Manual vs compiler bounds checking codegen

I wanted to see what the bounds checking generated code looked like, and whether I could get the same assembly when writing my own check. This is what I tried:

// ignore the unbound lifetime, only paying attention to codegen
pub fn manual_bounds_check<'a>(p: *mut u8, l: usize, range: std::ops::Range<usize>) -> &'a mut [u8] {
    assert!(range.start < l && range.end <= l && range.start <= range.end);
    unsafe {
        let start = p.add(range.start);
        &mut *std::ptr::slice_from_raw_parts_mut(start, range.len())

pub fn compiler_bounds_check(p: &mut [u8], range: std::ops::Range<usize>) -> &mut [u8] {
    &mut p[range]

Compiler Explorer link

Results are mixed:

  1. Manual does three separate comparisons (worse)
  2. Manual only generates the code for panicking once (better at least for perf, but means the error you get is less specific)

For #1, is there a way to get better codegen? For #2 maybe the compiler could be tweaked to call a common failure function for both cases that would inspect the registers to figure out which panic message to use? Otherwise every slice[a..b] generates ~4 extra instructions just to tweak the error message you get.

If you want the shortest possible codegen, you can always map the error to a constant panic string:

pub fn compiler_bounds_check_mapped(p: &mut [u8], range: std::ops::Range<usize>) -> &mut [u8] {
    match p.get_mut(range) {
        Some(result) => result,
        None => panic!("out of bounds"),
        mov     r8, rcx
        sub     r8, rdx
        jb      .LBB9_2
        cmp     rcx, rsi
        ja      .LBB9_2
        add     rdi, rdx
        mov     rax, rdi
        mov     rdx, r8
        push    rax
        call    std::panicking::begin_panic

(Note that this is basically equivalent to expect()).

1 Like

start<l should already be ensured by the combination of end<l and start<=end, so that check seems redundant. Also you seem to be using the wrong pointer (p instead of start) and arguably that manual_bounds_check function should still be marked unsafe.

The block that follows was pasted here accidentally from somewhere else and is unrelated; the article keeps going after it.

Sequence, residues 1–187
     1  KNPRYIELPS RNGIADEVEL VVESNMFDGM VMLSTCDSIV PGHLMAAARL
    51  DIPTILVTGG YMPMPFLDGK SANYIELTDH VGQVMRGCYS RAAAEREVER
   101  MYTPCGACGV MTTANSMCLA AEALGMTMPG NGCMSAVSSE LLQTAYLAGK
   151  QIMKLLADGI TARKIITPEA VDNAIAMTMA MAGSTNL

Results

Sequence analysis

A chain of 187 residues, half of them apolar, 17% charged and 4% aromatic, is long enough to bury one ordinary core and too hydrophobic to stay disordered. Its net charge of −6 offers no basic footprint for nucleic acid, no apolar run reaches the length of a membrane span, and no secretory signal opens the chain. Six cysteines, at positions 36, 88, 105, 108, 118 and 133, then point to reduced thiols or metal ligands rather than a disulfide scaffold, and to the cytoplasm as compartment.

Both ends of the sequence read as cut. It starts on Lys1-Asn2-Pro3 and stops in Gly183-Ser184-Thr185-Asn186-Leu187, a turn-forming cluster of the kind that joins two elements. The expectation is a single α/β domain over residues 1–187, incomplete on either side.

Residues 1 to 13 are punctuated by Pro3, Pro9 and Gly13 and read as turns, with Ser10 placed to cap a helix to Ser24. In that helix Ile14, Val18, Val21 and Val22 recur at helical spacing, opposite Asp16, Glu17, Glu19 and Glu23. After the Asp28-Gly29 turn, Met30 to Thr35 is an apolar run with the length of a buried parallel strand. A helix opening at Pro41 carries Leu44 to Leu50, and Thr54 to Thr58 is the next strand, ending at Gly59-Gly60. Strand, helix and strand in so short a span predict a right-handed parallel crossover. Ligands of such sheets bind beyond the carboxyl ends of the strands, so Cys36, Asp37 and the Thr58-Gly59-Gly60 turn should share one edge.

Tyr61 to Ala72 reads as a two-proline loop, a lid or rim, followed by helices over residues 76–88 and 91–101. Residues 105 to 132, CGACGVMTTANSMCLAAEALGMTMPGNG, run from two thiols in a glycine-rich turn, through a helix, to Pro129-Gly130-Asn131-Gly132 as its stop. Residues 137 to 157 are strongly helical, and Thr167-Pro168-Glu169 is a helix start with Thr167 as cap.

These things are probably all besides the main point of your question, but I noticed them and I'm leaving the forum for the day.

1 Like

Well, you don't need to check all three of those -- the first one is superfluous. You can see what the library does here:

If you don't want the specific error, you could do something like p.get(range).expect("the range should have been valid").

Or, in general, you're best off assert!ing your function's precondition, as that can -- perhaps surprisingly -- result in fewer checks overall.

My go-to example of that is that this code has three checks:

pub fn add_first_three_simple(x: &[i32]) -> i32 {
    x[0] + x[1] + x[2]

but if you assert! the precondition, you end up with one check, not four:

pub fn add_first_three_asserted(x: &[i32]) -> i32 {
    assert!(x.len() >= 3);
    x[0] + x[1] + x[2]

Godbolt for the generated code:


Oops yes I wrote the first two conditions originally and then discovered Range can't enforce start <= end since all the fields are pub.

Good catch thanks

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